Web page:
Anita Szigeti, J.D. and Jennifer Chambers
No psychiatric survivor advocacy organization was granted standing in the Supreme Court of Canada until 1999. The Queen Street Patients Council which became the Empowerment Council (“EC”) Systemic Advocates in Addictions and Mental Health - a peer advocacy organization - began then to seek intervener status (filing “amicus briefs” and making oral argument) in Canada’s top Court. Since then, the voices of survivors have been heard and considered, through the position taken by the EC, an advocacy organization made up completely of individuals with lived experience of mental health or addiction issues. In the last 20 years, the EC has intervened in more than 10 cases in the Supreme Court of Canada. During a brief period of time between Councils, Jennifer Chambers and the late Randy Pritchard founded the Mental Health Legal Advocacy Coalition, which also intervened in some cases before the SCC. The EC’s submissions have been cited in the Court’s Judgments. It is now a trusted intervener contributing the perspective of clients with mental health and addiction issues in precedent setting cases. It has gained not only the trust but also the respect of the Supreme Court of Canada, levelling the playing field against many government agencies and State actors who often oppose our intervention or positions.
In this workshop, we will cover the most important cases decided by and currently before the SCC where the EC has intervened and explain the positions advanced on the issues before the Court. These include: Capacity to consent to psychiatric treatment, treatment over objection laws, the legal test for dangerousness to keep forensic psychiatric detainees who are NGRI detained, the requirement for least restrictive conditions of detention, constitutional law jurisdiction of administrative tribunals monitoring the situation and progress of NGRI detainees, exemption of NGRI offenders from Sex Offender Registries, the availability of non-insane automatism defence to those whose criminality results from self-induced intoxication and what legal test should be applied to be granted public interest litigant standing on behalf of a vulnerable group, such as people with psychiatric histories. The workshop will give attendees a solid overview of the current legal landscape of the rights of our clients in Canada.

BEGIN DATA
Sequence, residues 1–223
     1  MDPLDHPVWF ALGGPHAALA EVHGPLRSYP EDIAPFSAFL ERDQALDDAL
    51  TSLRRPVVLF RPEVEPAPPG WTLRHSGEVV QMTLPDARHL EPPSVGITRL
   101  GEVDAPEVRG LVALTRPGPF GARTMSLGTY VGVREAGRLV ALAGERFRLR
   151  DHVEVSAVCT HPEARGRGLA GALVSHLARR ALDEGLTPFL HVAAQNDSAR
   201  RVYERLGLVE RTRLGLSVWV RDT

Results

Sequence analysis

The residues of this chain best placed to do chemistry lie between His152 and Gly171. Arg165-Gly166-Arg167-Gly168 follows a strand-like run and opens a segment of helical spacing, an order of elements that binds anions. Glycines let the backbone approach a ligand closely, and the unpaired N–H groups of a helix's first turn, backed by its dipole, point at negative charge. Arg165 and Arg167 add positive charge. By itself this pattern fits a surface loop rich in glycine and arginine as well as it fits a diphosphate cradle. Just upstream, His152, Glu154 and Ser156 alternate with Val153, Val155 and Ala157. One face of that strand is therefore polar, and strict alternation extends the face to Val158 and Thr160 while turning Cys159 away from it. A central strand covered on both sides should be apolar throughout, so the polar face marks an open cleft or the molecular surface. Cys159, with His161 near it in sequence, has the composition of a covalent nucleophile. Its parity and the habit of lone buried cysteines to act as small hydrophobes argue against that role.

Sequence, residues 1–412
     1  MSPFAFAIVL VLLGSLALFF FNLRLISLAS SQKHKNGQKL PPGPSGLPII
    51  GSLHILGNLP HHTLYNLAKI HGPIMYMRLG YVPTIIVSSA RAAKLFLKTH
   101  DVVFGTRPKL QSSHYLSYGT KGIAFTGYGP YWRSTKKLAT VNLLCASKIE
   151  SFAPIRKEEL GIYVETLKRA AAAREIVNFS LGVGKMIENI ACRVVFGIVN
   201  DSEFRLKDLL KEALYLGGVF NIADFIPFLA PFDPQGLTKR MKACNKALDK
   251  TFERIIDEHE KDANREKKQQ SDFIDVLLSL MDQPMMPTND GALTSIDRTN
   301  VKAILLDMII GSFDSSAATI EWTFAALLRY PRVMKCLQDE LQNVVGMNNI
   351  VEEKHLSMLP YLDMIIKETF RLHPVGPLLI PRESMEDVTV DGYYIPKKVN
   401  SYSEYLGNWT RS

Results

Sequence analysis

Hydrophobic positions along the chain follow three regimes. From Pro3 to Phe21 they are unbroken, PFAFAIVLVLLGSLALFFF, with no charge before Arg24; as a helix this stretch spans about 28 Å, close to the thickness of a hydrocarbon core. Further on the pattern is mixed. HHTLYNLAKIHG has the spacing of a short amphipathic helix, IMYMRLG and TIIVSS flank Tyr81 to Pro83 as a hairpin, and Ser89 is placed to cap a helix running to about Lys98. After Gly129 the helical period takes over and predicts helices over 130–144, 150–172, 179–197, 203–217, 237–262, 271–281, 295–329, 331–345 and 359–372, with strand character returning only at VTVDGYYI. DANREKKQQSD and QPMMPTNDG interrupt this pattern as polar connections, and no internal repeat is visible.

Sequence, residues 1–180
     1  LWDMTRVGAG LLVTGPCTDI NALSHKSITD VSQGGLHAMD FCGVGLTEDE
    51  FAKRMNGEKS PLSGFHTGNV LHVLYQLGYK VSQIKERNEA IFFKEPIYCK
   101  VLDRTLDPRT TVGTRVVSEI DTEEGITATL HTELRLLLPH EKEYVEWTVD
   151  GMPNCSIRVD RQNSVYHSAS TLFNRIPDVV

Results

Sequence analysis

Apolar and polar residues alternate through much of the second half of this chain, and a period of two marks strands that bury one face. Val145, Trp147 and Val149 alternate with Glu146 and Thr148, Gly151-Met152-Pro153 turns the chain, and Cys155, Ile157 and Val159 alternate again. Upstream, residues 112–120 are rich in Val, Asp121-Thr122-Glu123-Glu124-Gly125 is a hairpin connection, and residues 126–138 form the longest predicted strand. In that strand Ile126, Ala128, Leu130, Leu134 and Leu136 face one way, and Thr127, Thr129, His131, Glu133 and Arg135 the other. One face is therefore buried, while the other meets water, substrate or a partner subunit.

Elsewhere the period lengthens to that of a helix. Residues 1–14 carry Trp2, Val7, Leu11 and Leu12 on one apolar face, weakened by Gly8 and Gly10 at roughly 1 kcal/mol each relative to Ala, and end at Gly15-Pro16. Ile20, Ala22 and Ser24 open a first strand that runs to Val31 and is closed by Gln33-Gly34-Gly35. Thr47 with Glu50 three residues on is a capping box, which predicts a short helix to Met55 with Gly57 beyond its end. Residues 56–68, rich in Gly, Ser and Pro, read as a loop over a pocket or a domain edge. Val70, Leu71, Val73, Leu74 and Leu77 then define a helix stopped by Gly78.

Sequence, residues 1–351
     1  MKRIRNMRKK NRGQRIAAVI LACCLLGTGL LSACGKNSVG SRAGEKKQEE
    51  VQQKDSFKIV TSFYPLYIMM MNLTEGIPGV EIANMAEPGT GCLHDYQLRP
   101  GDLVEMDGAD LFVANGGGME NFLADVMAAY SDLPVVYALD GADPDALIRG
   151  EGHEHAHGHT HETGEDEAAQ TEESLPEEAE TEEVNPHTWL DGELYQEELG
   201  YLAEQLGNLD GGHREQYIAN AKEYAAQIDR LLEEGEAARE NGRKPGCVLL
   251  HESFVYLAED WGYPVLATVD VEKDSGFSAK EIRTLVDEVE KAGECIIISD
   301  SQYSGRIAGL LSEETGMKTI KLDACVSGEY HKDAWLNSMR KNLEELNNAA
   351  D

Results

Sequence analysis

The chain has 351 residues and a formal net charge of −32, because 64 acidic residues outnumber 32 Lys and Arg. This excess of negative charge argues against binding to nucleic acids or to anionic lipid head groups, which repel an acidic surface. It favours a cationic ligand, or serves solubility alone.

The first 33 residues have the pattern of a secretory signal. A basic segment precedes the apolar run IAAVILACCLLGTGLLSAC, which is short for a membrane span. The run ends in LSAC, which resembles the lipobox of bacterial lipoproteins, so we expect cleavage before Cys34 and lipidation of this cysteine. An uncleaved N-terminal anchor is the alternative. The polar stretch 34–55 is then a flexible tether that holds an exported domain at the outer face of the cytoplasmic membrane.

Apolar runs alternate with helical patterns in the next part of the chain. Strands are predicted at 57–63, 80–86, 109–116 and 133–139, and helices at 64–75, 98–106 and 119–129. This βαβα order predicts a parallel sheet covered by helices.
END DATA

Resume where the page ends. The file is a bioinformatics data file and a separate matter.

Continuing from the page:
From the perspective of the peer advocacy group, it is important to establish principles, and the goals that stem from them, in order to instruct counsel and provide parameters within which counsel can advise on the best course of legal action. People living with the experience also have goals that can be less obvious to counsel, such as the need to get help that they know will actually assist, rather than mere compliance or noncompliance with what is offered. At times the work involves defending people who are minorities even within that larger group of people on the receiving end of mental health services, such as people on the sex offender registry, or people who are First Nations and not able to access Indigenous healing opportunities. The Council must be in a constant state of learning and values clarification in order to bring to the Court the best possible insight and interpretations.